Image 1 by Mango Daniel

Magno Daniel Q&A

Magno Daniel talks photography with The Black Gaze.

This question has come to me a few times, in many different contexts and places in the world and each time my answer is the same, the Black gaze, is the perception of ourselves and that also answers why it matters.

How does this relate to your photography practice?

In the first question I might have answered this question as well, photography practice as so many others that are related to understanding ones surroundings play an incredible role in providing a mean, even if so particular to some, but that represents various other forms of ourselves and understanding the various other forms of self.

What do you want to say or address with your photography?

Memories. I might have not yet come into fully understanding all the specifics of my photography however, I am moved towards memories, some would eventually not relate to my peers. Memories carries us, the waking up, a voice in the sea, a book on the table, a smile from a relative.

Image 2 by Mango Daniel

What influences and inspires you? How is this reflected in your work?

Influence comes mostly from books, more recently writing has played an important role in shaping my views of photographs mostly due to the fact that I dive into thoughts that have never been recorded in any way, some completely true some more of storytelling. Music has also its contribution in bringing memories alive and guide me to the sounds of familiar places and feelings. All around, my surroundings inspire me – absorbing some of that reflects the tempo of my work, memories and some sort of storytelling.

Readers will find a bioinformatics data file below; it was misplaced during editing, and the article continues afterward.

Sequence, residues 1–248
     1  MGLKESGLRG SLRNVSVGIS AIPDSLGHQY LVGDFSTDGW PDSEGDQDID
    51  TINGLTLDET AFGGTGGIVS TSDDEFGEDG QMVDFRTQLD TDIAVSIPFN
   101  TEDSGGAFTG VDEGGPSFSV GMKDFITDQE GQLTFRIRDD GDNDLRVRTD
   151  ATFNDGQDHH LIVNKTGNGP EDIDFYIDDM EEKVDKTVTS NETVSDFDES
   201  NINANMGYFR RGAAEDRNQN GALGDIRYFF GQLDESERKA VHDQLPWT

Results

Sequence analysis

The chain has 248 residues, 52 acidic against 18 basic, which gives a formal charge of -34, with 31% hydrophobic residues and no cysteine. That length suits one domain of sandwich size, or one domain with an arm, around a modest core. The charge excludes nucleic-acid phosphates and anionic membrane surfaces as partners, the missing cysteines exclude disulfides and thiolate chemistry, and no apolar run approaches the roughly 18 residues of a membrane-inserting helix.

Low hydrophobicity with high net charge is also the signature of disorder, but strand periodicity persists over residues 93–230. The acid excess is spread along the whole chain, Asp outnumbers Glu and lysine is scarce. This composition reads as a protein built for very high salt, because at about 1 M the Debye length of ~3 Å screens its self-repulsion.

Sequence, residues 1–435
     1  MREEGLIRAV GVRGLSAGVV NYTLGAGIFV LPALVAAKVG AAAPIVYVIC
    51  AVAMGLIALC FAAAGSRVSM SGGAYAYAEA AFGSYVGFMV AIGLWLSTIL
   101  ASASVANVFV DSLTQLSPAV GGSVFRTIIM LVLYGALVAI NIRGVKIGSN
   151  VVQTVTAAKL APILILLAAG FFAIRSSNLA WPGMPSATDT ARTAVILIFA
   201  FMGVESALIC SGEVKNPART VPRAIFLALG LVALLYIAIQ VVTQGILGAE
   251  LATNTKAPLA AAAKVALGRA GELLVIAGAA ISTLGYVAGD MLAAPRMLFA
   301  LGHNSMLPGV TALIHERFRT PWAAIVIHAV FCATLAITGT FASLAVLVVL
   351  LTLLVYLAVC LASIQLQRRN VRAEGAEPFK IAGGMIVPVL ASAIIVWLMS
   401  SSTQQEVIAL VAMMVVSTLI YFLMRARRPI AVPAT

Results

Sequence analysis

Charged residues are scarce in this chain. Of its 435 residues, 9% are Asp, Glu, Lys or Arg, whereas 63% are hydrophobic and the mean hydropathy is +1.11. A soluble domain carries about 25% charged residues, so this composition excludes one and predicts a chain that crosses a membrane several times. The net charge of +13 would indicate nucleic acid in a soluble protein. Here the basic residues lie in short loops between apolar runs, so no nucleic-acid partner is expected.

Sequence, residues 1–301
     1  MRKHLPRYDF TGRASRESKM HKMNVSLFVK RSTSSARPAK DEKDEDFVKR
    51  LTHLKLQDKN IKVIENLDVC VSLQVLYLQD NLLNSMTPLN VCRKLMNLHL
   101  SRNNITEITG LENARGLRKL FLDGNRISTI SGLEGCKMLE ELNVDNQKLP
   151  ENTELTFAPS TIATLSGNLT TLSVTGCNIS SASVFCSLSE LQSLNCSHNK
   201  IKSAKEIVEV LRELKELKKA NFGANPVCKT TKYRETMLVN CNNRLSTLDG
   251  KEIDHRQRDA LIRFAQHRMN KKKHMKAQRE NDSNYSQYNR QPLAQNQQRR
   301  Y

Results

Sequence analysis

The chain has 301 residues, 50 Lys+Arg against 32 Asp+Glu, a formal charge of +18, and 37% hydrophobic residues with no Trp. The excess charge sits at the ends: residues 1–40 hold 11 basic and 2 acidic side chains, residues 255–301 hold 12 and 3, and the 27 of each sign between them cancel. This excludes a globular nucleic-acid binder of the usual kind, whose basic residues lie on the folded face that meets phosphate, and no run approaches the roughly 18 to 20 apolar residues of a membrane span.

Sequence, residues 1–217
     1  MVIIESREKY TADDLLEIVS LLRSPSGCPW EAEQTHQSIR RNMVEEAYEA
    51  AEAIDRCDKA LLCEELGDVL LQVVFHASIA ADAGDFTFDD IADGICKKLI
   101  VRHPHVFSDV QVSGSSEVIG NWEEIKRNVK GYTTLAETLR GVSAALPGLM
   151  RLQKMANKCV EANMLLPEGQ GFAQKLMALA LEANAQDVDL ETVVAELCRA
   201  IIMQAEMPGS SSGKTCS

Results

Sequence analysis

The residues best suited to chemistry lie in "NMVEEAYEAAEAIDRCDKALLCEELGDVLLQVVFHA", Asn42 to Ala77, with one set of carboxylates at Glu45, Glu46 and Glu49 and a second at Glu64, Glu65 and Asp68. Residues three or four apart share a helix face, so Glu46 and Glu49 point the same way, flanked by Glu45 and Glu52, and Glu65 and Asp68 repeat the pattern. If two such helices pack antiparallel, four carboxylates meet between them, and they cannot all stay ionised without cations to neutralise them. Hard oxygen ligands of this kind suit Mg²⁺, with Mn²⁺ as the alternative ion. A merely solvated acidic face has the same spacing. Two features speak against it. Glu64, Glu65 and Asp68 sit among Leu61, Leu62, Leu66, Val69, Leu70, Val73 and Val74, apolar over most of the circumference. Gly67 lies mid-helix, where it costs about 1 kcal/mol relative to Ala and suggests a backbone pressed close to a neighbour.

I could add the African photographers I recently found out about, perhaps in the last three years understanding how some of them captured and eternalized their own people, whether as a reflection of more documentary outlets but also, from pure enjoyment of their surrounding and the life it reflected has contributed into looking and photographing more within the people.

Who are your favourite Black photographers from the past? Why?

Satu Mofokeng, Gordon Parks, Ming Smith and Malick Sidibé. From all of them out of the some aspects that differentiate their practice as photographers their sensibility combined with the sense of composition amaze me. Their work are truly learning experience.

Image 3 by Mango Daniel

Please describe the highs and lows of your experience as a Black photographer?

The highest of this experience is being able to make the Black diverse. As for the lows, that is an answer that could take a few days to discuss: opportunities, values, access… the list is long, however, being able to be alive and still producing some memories of ourselves brings peace.

Image 4 by Mango Daniel

What work are you producing and what more would you like to do?

One of my currently projects revolves around the city of Luanda, where I was born and raised. In addition to that, working on some still life mini projects with human figures like sculptures produced by a friend of mine Gretty Lisboa, and drafting a short film.

About Magno Daniel

Magno Daniel is a photographer based in Luanda, Angola. Magno’s intimate images are a witness to life beyond the headlines. Quiet, reflective and very much in the moment, his images challenge the established visual narrative of western media outlets.

You can find more of Magno’s work on his Instagram account.

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The Q&A is an ongoing discussion open to Black photographers of all ages, genders and genres.